After the CMP step, additional horizontally-extending metal lines connected by vertically-extending vias may be sequentially fabricated on the planarized copper layer. Accordingly, an etch stop layer, such as silicon nitride (SiN), is initially deposited on the planarized copper layer, after which an intermetal dielectric (IMD) layer is deposited on the etch stop layer for the etching of via openings therethrough to the etch stop layer. The via openings are ultimately filled in with copper to establish vertical interconnections between the planarized copper layer, which serves as a horizontally-extending metal line, and additional horizontally-extending metal lines fabricated in trenches above the vias.

However, a delay period typically exists between the completion of chemical mechanical planarization and deposition of the etch stop layer on the planarized copper layer. During this delay period, the planarized copper is exposed to ambient oxygen in the environment, such that copper oxides rapidly form on the copper surface. These copper oxides present significant resistance to electrical migration of current through the metal line that is ultimately defined by the planarized copper layer, thus substantially reducing surface electro-migration and potentially leading to failure of the fabricated IC device. As shown in FIG. 1, the atomic percentage of oxygen on the surface of a copper layer (having a copper atomic percentage of 60% and greater) can be as high as 20% when the copper is exposed to ambient air.

Conventional approaches to minimizing oxidation of planarized copper during IC fabrication have included BTA (benzotriazole) passivation and deposition of electroless CoWP (cobalt-tungsten-phosphorous alloy) and tungsten. BTA passivation involves deposition of a benzotriazole film on the planarized copper after CMP and prior to deposition of an etch stop layer on the copper for higher-order metal line and via fabrication. Over the last 5 years, use of electroless CoWP as a cap layer for metals in semiconductor fabrication has attracted much attention from researchers. However, both of these methods suffer from various drawbacks including inordinate process complexity, difficulty in maintaining chemical integrity and selective loss during deposition, for example. Accordingly, a new and improved process for the passivation of copper lines is needed during the fabrication of IC devices. A new and improved process is further needed which eliminates or substantially reduces electro-migration failure in IC devices by significantly improving surface migration of electrical current on copper lines in the devices.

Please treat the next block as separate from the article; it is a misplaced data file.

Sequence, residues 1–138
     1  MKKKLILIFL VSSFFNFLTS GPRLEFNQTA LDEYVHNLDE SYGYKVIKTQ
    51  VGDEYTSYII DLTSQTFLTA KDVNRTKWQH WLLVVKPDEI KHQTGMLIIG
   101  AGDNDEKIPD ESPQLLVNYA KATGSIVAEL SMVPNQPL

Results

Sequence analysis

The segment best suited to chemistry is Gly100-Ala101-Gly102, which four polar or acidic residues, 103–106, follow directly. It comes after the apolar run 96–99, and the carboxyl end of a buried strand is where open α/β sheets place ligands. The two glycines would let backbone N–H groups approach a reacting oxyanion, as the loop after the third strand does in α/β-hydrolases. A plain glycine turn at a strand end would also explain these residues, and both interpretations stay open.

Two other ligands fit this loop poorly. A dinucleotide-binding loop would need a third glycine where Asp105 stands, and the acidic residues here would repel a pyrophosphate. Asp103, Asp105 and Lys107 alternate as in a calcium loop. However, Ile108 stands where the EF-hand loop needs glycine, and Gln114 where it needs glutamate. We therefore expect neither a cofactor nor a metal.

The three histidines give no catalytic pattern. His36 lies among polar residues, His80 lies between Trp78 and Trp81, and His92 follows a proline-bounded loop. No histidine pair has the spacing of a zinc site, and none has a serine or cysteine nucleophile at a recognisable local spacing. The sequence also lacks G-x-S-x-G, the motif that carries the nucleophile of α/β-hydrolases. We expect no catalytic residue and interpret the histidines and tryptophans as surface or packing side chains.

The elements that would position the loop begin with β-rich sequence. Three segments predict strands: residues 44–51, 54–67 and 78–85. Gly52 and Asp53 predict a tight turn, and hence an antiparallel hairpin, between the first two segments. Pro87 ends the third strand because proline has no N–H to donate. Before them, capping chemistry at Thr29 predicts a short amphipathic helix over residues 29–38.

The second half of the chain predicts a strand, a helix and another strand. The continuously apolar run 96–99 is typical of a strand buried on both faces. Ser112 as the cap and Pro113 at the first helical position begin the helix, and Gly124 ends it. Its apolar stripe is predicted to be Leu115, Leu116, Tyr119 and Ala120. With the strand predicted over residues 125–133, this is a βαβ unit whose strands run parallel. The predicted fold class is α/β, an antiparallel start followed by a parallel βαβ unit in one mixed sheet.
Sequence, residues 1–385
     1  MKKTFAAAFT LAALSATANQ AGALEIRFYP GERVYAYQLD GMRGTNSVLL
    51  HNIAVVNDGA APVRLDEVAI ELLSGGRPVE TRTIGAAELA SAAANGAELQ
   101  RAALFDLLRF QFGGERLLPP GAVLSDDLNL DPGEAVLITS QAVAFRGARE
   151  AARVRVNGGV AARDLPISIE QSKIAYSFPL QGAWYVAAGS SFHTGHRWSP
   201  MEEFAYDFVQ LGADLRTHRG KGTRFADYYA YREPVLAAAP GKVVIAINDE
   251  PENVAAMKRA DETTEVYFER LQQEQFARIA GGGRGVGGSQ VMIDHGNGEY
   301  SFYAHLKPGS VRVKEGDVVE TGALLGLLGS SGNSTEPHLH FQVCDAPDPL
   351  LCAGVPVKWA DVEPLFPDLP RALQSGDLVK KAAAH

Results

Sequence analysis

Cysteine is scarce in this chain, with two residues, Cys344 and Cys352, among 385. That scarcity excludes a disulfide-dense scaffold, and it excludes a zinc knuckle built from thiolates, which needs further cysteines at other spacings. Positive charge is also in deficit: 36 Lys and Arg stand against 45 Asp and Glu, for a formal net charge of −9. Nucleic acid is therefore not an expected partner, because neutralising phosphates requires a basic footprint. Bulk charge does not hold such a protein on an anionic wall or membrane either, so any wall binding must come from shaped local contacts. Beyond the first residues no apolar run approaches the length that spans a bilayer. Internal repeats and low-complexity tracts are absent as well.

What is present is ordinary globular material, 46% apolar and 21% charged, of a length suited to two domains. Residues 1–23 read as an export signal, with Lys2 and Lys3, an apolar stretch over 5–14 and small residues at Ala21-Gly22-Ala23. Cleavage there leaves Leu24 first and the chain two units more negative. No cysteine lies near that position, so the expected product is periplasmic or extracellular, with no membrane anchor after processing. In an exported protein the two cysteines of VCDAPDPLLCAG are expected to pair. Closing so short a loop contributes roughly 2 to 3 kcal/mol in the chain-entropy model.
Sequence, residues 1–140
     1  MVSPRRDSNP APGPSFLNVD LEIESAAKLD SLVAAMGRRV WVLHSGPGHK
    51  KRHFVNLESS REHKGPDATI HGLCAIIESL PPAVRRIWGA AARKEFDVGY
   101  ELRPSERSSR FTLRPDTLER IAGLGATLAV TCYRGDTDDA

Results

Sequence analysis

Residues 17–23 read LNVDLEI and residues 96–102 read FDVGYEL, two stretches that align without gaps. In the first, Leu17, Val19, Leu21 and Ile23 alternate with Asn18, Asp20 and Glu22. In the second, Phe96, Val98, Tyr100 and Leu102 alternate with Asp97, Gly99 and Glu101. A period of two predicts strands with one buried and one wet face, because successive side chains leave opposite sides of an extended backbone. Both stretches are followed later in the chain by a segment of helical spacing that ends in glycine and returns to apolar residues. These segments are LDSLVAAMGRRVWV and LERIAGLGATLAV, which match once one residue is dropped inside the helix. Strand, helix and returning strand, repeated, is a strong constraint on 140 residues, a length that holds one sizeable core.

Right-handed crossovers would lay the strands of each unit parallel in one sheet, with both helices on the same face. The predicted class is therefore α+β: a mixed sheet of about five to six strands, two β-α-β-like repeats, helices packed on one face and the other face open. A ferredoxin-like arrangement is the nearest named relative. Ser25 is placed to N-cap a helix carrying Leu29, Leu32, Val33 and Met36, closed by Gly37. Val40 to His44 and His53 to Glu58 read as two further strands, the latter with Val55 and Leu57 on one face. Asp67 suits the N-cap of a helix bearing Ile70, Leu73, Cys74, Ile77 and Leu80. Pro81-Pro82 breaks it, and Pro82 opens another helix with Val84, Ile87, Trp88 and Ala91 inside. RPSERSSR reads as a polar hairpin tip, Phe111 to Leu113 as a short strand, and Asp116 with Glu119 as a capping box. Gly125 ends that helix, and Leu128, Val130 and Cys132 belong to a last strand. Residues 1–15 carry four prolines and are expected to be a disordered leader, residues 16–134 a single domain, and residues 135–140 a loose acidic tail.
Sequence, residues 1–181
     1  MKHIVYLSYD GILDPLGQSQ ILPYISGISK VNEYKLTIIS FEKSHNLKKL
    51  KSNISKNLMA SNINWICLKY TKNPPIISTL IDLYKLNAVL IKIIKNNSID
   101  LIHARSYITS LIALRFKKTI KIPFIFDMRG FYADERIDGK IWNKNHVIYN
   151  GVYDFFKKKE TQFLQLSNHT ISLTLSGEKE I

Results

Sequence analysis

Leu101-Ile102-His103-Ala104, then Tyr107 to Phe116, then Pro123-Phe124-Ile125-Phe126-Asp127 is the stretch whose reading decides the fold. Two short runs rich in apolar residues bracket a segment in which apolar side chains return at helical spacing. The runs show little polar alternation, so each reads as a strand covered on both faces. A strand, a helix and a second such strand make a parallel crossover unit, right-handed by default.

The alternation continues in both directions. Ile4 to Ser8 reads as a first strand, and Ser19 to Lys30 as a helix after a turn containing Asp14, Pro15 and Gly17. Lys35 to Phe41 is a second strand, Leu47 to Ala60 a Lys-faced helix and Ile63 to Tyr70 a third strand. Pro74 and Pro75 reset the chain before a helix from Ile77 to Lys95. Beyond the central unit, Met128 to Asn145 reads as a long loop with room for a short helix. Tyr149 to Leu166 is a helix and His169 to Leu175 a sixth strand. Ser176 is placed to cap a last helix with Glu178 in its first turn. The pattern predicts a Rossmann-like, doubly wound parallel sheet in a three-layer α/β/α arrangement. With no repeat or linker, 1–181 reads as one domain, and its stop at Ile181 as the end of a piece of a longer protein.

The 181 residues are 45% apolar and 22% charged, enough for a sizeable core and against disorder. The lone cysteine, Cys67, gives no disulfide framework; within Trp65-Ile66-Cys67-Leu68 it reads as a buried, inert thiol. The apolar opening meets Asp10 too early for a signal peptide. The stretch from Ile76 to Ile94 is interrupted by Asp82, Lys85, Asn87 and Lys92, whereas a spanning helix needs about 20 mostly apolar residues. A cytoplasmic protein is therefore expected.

It is an object of the present invention to provide a novel composition and process which is suitable for the passivation of metal lines, layers or surfaces in the fabrication of IC devices.

Another object of the present invention is to provide a novel composition and process which facilitates or enhances electro-migration in metal lines, layers or surfaces of IC devices.

Still another object of the present invention is to provide a novel composition and process suitable for providing a substantially oxide-free cap layer for a metal line, layer or surface.

Yet another object of the present invention is to provide a novel metal composition and passivation process characterized by simplicity of application.

Yet another object of the present invention is to provide a novel composition and process suitable to provide a dopant for a metal alloy or metal seed layer.

A still further object of the present invention is to provide a novel process which involves the spontaneous displacement of metal atoms in a metal with atoms of a second metal to substantially reduce or prevent oxidation of the metal.

Another object of the present invention is to provide a novel metal passivation composition and process suitable for increasing the Q-time between chemical mechanical planarization of a metal and deposition of an etch stop layer or other fabrication processing on the metal.

Yet another object of the present invention is to provide a novel metal passivation process which may be incorporated into a chemical mechanical planarization (CMP) process.

SUMMARY OF THE INVENTION

In accordance with these and other objects and advantages, the present invention is generally directed to a novel composition and process suitable for the passivation of metal lines, layers or surfaces, particularly for the passivation of copper in the fabrication of integrated circuit devices on wafer substrates. The process includes providing a novel composition solution in contact with a typically copper line, layer or surface on a substrate as the copper is subjected to chemical mechanical planarization (CMP). The composition includes reactive cations of a displacement metal which are suspended in solution and spontaneously displace the copper atoms in the copper in an oxidation/reduction reaction. The oxidized and displaced copper cations are carried away by the composition solution, and the newly-incorporated metal atoms in the copper substantially inhibit or prevent growth of copper oxides in the copper. Consequently, the Q-time between CMP and deposition of an etch stop layer on the copper, for higher-order fabrication of metal lines and vias on the copper, for example, is prolonged. Furthermore, the electro-migration characteristics of the line, layer or surface having the reduced copper content are significantly enhanced.